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Re: Follow-up about PUT and DELETE in form methods

From: Cameron Heavon-Jones <cmhjones@gmail.com>
Date: Tue, 13 Dec 2011 21:41:12 +0000
Cc: thibault <thibault@miximum.fr>, public-html-comments@w3.org
Message-Id: <ECCC22E9-8BA2-426B-9795-5F5B753FC8CA@gmail.com>
To: Julian Reschke <julian.reschke@gmx.de>

On 13/12/2011, at 8:24 PM, Julian Reschke wrote:

> On 2011-12-13 21:08, Cameron Heavon-Jones wrote:
>> ...
>> Yes, i understand what you mean here. It is reasonable though that these *may* be thought of\implemented as different resources, ie:
>> 
>> http://www.example.com/index.html
>> 
>> http://www.example.com/index.html?fragment=true
>> 
>> Deleteing the first results in a full response, deleteing the second is a fragmented response from a fragmented version of the resource.
>> ...
> 
> Now you are overloading the URI. There is only one resource here, and there's no point in assigning multiple URIs. URI overloading is almost as bad as POST method overloading :-).

It's a matter of interpretation. URIs are opaque so no information should be inferred from their structure. The implementation is free to define what a request will translate into in real terms, for example if i were to DELETE ./index.html would you hypothetically expect ./index.json to still be available? 

If a script is provided with a URI for use in DELETE-ing a resource, that is the URI it will use - without client interpretation. This is the whole point of server-driven URIs and HATEOAS.


>>>> ...
>>> Please translate?
>>> 
>>> The client tells the server to DELETE. The server has several choices about what to return. It also has several choices what formats to use for that. These are orthogonal.
>>> 
>>> We are going in circles.
>> 
>> As described above, the state is defined through URI. The server doesn't have a choice as there is only 1 state the resource is in.
> 
> The URI identifies the resource. Period.
> 
> The preference about what information to get returned upon DELETE has absolutely nothing to do with the server's or the resource's state.

Yes, we're going to get back to a loop again.

If i may, with further thought i don't object to Prefer header, possibly at all. You can take this as a win if you like :) 

> 
>>>>>> It does work with XHR and form access if the Accept header is varied.
>>>>> 
>>>>> It may work in *some* cases by abusing the Accept header.
>>>>> 
>>>>>> ...
>>>>> 
>>>>> Best regards, Julian
>>>> 
>>>> 
>>>> I really don't think i can be accused of abusing the Accept header, if anything i hold upmost conformance. I just don't vary resource state.
>>> 
>>> I really have no idea what you refer to when you say "vary resource state".
>> 
>> By changing the content of the representation you have transferred a different state of the resource.
> 
> But in general, the payload returned in a DELETE response is *not* a representation of the resource identified by the URI. Actually, it's never for a succesful DELETE, because that implies that you have removed the resource.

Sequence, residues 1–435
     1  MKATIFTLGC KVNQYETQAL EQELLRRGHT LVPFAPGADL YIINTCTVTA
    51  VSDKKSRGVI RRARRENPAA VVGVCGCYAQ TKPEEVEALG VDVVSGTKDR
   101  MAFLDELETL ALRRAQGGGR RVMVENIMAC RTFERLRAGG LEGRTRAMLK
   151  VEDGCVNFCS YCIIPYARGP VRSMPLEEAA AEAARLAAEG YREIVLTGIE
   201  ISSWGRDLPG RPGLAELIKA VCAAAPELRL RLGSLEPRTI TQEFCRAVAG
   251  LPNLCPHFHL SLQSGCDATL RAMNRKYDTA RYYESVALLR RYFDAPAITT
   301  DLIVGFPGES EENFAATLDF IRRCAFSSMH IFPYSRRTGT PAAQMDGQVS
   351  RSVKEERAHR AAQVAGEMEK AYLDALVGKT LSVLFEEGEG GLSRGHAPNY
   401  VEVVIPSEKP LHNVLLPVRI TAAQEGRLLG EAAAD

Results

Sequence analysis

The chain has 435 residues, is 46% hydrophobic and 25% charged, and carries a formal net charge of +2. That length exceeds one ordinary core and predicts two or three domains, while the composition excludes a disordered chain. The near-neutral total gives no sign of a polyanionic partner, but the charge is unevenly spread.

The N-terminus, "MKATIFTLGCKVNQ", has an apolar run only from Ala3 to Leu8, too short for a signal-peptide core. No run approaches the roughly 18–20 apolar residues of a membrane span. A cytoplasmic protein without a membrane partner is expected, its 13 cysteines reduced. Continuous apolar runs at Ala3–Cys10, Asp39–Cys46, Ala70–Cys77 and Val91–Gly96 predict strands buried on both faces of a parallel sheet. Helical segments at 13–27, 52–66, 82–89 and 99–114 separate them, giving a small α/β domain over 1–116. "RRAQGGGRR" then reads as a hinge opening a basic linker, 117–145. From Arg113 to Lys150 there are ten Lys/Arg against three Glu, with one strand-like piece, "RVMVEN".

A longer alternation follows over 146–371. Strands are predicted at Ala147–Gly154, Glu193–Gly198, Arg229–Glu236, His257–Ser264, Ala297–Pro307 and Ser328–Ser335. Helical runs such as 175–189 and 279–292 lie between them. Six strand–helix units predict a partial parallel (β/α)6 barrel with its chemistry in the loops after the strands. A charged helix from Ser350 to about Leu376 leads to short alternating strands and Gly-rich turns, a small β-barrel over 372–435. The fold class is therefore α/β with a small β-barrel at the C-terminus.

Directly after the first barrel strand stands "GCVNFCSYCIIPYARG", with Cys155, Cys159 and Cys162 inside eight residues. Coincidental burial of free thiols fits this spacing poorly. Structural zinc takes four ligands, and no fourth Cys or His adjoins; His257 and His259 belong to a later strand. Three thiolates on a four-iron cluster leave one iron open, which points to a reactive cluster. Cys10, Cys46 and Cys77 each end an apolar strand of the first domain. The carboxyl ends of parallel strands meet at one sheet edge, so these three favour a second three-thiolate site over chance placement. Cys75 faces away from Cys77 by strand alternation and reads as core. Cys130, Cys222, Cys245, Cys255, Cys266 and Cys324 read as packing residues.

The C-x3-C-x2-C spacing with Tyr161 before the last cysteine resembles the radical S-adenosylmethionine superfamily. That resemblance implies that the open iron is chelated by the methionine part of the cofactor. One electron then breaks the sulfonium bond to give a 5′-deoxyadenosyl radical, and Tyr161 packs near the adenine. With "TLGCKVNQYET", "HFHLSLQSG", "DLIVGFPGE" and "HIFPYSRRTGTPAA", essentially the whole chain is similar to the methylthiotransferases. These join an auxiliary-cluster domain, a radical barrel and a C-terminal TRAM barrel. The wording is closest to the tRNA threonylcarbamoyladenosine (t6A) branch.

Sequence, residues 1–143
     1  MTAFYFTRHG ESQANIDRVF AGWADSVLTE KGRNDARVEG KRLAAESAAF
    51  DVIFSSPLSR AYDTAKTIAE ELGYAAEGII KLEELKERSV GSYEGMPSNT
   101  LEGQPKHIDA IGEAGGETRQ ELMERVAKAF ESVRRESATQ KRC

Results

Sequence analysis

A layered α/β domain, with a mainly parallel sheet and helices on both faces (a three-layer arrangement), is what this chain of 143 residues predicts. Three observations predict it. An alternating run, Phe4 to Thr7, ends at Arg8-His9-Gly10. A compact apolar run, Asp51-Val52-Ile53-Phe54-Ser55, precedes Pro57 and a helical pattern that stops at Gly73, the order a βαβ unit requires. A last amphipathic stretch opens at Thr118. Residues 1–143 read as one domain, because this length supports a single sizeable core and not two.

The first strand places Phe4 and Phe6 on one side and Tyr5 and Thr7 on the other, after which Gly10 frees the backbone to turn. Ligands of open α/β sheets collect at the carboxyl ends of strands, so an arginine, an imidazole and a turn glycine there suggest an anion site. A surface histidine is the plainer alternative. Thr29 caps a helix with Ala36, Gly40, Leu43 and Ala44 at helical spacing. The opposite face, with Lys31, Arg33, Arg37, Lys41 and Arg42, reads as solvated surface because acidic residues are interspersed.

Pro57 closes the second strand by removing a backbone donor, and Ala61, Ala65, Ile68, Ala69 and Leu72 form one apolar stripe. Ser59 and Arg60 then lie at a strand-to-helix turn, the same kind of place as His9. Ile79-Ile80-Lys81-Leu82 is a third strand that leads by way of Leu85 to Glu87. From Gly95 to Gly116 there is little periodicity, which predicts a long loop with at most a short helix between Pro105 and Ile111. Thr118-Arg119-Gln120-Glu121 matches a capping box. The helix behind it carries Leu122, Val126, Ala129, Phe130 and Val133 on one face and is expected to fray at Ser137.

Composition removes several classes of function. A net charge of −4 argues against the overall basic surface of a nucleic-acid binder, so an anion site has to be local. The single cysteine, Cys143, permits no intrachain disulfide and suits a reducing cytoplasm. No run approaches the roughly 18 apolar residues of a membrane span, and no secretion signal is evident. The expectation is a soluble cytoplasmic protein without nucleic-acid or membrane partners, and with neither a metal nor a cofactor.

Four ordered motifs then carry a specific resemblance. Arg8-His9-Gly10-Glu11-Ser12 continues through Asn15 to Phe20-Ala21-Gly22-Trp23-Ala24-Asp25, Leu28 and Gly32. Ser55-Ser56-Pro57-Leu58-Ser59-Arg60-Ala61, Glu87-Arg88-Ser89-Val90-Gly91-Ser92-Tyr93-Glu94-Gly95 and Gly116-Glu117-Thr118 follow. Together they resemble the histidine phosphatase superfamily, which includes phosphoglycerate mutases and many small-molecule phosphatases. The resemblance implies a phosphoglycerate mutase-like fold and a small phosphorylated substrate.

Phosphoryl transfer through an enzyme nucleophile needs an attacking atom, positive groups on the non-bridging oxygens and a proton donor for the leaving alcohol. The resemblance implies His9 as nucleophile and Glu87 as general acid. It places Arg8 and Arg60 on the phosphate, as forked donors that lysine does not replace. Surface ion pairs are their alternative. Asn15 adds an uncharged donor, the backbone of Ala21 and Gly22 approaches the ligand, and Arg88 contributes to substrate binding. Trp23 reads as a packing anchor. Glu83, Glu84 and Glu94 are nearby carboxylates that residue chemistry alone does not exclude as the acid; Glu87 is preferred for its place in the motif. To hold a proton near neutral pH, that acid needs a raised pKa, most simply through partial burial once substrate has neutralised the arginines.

> 

It can be seen to be the 'final' state and representation of the resource, an ephemeral last glimpse if you will.

> Neither a status message "resource deleted" nor a fresh view of a parent collection are representations of the resource you have deleted.
> 

I don't know how you can state what a resource is and is not. They are representations of a resource, however limited or full. We are transferring representations of resources back and forth between client and server, if it is under a URI it is one of the possible representations of that resource state specific to the request representation.

> 
>>> It seems that you're missing that for methods other than GET and the most basic status codes, HTTP simply does not define *what* resource is being represented by the response. See<http://greenbytes.de/tech/webdav/draft-ietf-httpbis-p2-semantics-17.html#rfc.section.5.1>.
>>> 
>>> The key here is to tell the server *what* resource you're interested in - not the format to represent it with.
>> 
>> Yes, by URI - the Uniform Resource Identifier.
> 
> No, the request URI identifies the resource you want to DELETE. Not the resource that you want to be represented by the response.

Irrespective. The client should not make inferences based on URI structure.

> 
>>> Examples:
>>> 
>>> DELETE:
>>> 
>>> - a status message, possibly anonymous (without a URI)
>>> - a progress resource after 202 (optionally with a URI)
>>> - nothing
>>> - a refreshed representation of the resource that "contained" the URI that was deleted
>>> 
>>> These are *different* resources. They may or may not have their own URI.
>>> 
>>> Best regards, Julian
>> 
>> 
>> Possibly reframe as a single resource being returned in multiple forms of representation. In this regard they are all the same resource being represented according to client capability. The state is identified only by URI.
> 
> No, no, no. These are entirely different resources.
> 

A resource is defined as a URI not as a form of content or file.

>> We have reached some degree of clarity.
> 
> I'm not convinced about that yet.
> 
> Best regards, Julian

Yeah, that's ok i more meant we seems to be getting to the same page. 

This is really a very puritanical discussion... 

Thanks
Cam
Received on Tuesday, 13 December 2011 21:41:43 GMT

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